Vast expanse of sand at Tentsmuir National Nature Reserve
Vast expanse of sand at Tentsmuir National Nature Reserve

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Route No. 307 -
Thursday 13 August 2009
The Ice House, Shell walk - 6km
Tentsmuir National Nature Reserve
Fife, Scotland . . .

 

Ordnance Survey route map on the Landranger series map base.
View the route in Google Earth

Map: Ordnance Survey Explorer 371 St. Andrews & East Fife at 1:25000


This week we are staying in a relative's holiday cottage in Cellardyke on the Fife coast in Scotland with our daughter and family and we provide the built-in baby sitting. Today we all went by car to the National Nature Reserve at Tentsmuir just north of St. Andrews on the mouth of the Firth of Tay.

Peacock butterfly on some ragwort by the path
Peacock butterfly on some ragwort by the path

Woodland path to the ice house
Woodland path to the ice house

Woodland path to the ice house
Woodland path to the ice house

Our four year old grand daughter was given the job of finding the next waymarker with its blue and silver shell motif and she led the way along the forest path from the car park. The path through the woodland was very pretty with the dappled sunlight through the trees. After about 3km the path came out onto a forest access track at the ice house.

We parked at the Kinshaldy car park in the Tentsmuir National Nature Reserve at map ref. NO498243. At the car park there is a children's playground, good information board and some toilets. From the information board we selected a waymarked walk of about six kilometres through the forest to an ice house and back along the beach and sand dunes.

Waymark post and guide
Waymark post and guide

Woodland path to the ice house
Woodland path to the ice house

Woodland path to the ice house
Woodland path to the ice house

Woodland path to the ice house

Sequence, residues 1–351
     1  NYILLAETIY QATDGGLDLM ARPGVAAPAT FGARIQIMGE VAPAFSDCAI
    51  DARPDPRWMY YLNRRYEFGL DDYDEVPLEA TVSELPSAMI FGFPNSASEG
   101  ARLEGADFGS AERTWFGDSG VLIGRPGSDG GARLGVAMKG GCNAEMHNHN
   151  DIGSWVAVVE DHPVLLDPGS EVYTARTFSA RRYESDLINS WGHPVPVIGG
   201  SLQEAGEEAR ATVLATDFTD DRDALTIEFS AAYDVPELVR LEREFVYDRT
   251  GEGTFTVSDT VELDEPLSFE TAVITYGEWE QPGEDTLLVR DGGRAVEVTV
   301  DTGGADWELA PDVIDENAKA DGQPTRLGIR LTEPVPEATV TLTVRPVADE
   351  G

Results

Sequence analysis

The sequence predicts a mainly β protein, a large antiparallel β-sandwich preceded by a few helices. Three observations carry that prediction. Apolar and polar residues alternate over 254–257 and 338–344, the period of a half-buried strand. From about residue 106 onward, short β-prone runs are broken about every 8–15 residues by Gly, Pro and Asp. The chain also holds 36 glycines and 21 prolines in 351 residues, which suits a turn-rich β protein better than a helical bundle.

Woodland path to the ice house

Our picnic at the ice house
Our picnic at the ice house

Tentsmuir Point information board
Tentsmuir Point information board

It had been a very pleasant morning and we had seen no-one else in the woods on the way to the ice house. A party of school children arrived at the ice house as we were finishing our lunch. From the ice house we followed the way markers across the scrubland to the beach

This stone structure was built in the early 1800's to store ice collected during the winter and used to preserve salmon caught in the Firth of Tay. The salmon packed in ice was shipped south to England and to Europe. We stopped at a picnic table by the ice house for our lunch.

The ice house with soil & turf insulation on the roof
The ice house with soil & turf insulation on the roof

Leaving the ice house clearing
Leaving the ice house clearing

Heading across the scrubland to the beach
Heading across the scrubland to the beach

Our first view of the beach
Our first view of the beach

Just so much sand
Just so much sand

I took a photo hoping that it would enlarge enough to see the jumble of grey shapes. The children were not keen to walk. They preferred to play on the sand, but we had to keep going until we were close to the car park.

We reached the edge of the dunes and looked out across a huge expanse of sand. About 2km away across the sand there was a jumble of grey shapes. My binoculars revealed the grey shapes to be seals and a few rocks.

Looking along Tentsmuir Sands
Looking along Tentsmuir Sands


Grey shapes on the sand - some of them are seals, honest

Looking across the mouth of the Firth of Tay
Looking across the mouth of the Firth of Tay
Driftwood in the dunes
Driftwood in the dunes
The morning sunshine was replaced by threatening shower clouds
The morning sunshine was replaced by threatening shower clouds

Heading back along the dunes
Heading back along the dunes

Heading back along the dunes
Heading back along the dunes

The weather was too cold and showery now to stop on the beach and we joined the path along the dunes back to the car park.

The sunny weather we had this morning was quickly changing to dark shower clouds with a cold wind. We made our way along the beach with an occasional game of hide and seek in the dunes.

Heading back along the dunes
Heading back along the dunes

Heading back along the dunes
Heading back along the dunes

The dune area between the Tentsmuir forest and the beach
The dune area between the Tentsmuir forest and the beach

Crossing the dunes at the edge of the car park
Crossing the dunes at the edge of the car park

The walk had been about 6km and including our picnic and beach games it had taken us 3 hours to walk. We drove into St. Andrews for a coffee shop and ice creams for the children before returning to our holiday cottage in Cellardyke.

At the car park there was a sudden change in the children when they remembered to playground and with renewed vigour they set about the various climbing frames, slides and swings.

Children's playground at the car park
Children's playground at the car park